Leaders and Laggards: Banning Corporal Punishment of Children in Scandinavia and the Anglo Nations

Tuesday, July 15, 2014: 9:00 AM
Room: Booth 56
Oral Presentation
Joan E. DURRANT , Family Social Sciences, University of Manitoba, Winnipeg, MB, Canada
Gregg M. OLSEN , University of Manitoba, Winnipeg, MB, Canada

This paper will explore the unfolding of a global phenomenon – the legal prohibition of corporal punishment of children. Until 35 years ago, this near-universal practice was considered appropriate, necessary and a parental right.  But a paradigm shift in conceptions of childhood has led to a global movement to redefine it as violence and as a violation of children’s rights.  Today, 33 countries have prohibited it in all settings, including the home.  This remarkable shift reflects profound cultural changes in thinking about children and their development, parent-child relationships, and the role of the state in family life. 

This movement began in Scandinavia, when Sweden became the first country to explicitly abolish all corporal punishment of children in 1979.  Finland and Norway were the second and third countries to prohibit corporal punishment of children - in 1983 and 1987, respectively.  Interestingly, but perhaps not surprisingly, progress in the Anglo nations has virtually stalled.  New Zealand became the first Anglo nation to pass a corporal punishment ban in 2007, but this did not happen easily.  In all other Anglo nations (Australia, Canada, UK, US), legal defences continue to protect adults who corporally punish children.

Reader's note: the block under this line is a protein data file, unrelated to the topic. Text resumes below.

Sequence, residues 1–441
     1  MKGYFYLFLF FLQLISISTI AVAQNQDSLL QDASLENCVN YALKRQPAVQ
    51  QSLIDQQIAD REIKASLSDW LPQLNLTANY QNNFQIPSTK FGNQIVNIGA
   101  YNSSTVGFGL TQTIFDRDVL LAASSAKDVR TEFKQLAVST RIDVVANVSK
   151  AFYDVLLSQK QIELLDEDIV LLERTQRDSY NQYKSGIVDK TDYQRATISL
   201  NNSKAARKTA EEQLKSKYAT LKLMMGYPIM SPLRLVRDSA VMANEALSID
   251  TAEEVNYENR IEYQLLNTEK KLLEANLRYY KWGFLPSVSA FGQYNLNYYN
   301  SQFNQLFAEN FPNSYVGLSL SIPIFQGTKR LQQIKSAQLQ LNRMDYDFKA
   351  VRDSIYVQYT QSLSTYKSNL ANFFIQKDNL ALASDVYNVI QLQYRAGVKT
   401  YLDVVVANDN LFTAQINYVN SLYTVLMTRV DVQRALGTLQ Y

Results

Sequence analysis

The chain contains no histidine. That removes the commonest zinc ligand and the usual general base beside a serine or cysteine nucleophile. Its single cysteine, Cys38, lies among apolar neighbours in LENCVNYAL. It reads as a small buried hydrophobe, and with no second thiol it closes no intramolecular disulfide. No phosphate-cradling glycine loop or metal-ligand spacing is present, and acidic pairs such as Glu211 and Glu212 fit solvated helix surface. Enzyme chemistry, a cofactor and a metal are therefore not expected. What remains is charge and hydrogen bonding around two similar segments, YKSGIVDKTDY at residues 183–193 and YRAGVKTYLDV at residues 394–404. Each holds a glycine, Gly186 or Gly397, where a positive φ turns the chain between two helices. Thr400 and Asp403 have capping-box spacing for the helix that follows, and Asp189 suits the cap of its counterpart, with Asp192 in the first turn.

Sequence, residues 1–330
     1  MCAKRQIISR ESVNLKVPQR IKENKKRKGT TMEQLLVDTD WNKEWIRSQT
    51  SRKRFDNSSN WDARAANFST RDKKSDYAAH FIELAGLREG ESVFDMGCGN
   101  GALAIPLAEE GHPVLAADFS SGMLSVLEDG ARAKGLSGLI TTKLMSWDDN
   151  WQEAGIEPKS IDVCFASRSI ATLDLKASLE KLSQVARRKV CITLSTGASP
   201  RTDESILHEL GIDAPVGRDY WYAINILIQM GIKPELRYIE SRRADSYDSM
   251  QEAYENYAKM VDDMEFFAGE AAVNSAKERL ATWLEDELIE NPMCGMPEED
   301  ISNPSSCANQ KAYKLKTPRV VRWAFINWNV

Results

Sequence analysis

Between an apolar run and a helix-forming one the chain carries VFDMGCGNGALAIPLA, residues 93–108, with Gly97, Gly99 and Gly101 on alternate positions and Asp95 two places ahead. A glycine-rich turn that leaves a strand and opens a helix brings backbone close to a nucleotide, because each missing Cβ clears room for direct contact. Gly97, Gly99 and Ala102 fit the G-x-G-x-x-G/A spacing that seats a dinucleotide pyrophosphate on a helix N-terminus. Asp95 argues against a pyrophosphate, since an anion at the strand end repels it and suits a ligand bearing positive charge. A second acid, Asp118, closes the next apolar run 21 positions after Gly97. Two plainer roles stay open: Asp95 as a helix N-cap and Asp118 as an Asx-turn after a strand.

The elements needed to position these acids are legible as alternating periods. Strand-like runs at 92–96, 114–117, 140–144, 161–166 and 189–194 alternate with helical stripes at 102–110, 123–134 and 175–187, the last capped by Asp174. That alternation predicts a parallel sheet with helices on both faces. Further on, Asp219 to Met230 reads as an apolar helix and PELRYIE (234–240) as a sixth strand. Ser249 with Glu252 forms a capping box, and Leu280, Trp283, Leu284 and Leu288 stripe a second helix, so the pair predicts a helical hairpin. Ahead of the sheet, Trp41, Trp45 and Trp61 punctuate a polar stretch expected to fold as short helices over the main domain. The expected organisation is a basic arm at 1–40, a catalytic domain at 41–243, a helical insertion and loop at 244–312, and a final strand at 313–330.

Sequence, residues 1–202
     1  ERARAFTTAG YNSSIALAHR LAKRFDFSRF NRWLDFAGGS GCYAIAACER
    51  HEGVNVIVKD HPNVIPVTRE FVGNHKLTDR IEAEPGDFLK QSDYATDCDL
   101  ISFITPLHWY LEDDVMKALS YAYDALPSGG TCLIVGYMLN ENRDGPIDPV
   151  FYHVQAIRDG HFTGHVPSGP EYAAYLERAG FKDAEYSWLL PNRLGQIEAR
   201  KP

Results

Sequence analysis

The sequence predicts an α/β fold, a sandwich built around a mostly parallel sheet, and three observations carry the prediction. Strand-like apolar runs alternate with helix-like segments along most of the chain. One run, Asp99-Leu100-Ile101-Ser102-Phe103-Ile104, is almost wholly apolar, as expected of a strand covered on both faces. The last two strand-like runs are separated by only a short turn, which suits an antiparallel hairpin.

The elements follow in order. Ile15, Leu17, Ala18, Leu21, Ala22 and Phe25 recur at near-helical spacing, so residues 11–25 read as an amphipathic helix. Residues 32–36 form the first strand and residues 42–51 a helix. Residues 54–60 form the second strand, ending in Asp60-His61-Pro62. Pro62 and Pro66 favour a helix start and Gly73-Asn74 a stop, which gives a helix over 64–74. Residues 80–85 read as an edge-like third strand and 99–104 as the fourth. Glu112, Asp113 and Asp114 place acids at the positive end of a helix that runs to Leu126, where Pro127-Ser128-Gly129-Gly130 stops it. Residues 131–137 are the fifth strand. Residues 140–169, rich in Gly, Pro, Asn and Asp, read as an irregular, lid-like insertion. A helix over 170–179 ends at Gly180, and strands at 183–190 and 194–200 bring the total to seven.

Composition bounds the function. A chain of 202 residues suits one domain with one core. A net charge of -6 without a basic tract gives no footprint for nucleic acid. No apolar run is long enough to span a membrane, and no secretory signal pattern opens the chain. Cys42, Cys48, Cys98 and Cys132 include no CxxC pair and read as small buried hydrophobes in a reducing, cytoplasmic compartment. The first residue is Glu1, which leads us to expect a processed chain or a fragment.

In this paper, we will examine the process of law reform in the three Scandinavian “pioneer” countries and contrast it with the situation in the Anglo countries.  We will address the following three questions: 1) Why did this particular law reform movement begin in Scandinavia?  2) What social, political and historical reasons account for Sweden, Finland and Norway being the first to reform their laws? 3) What accounts for the Anglo nations’ slow progress on this front?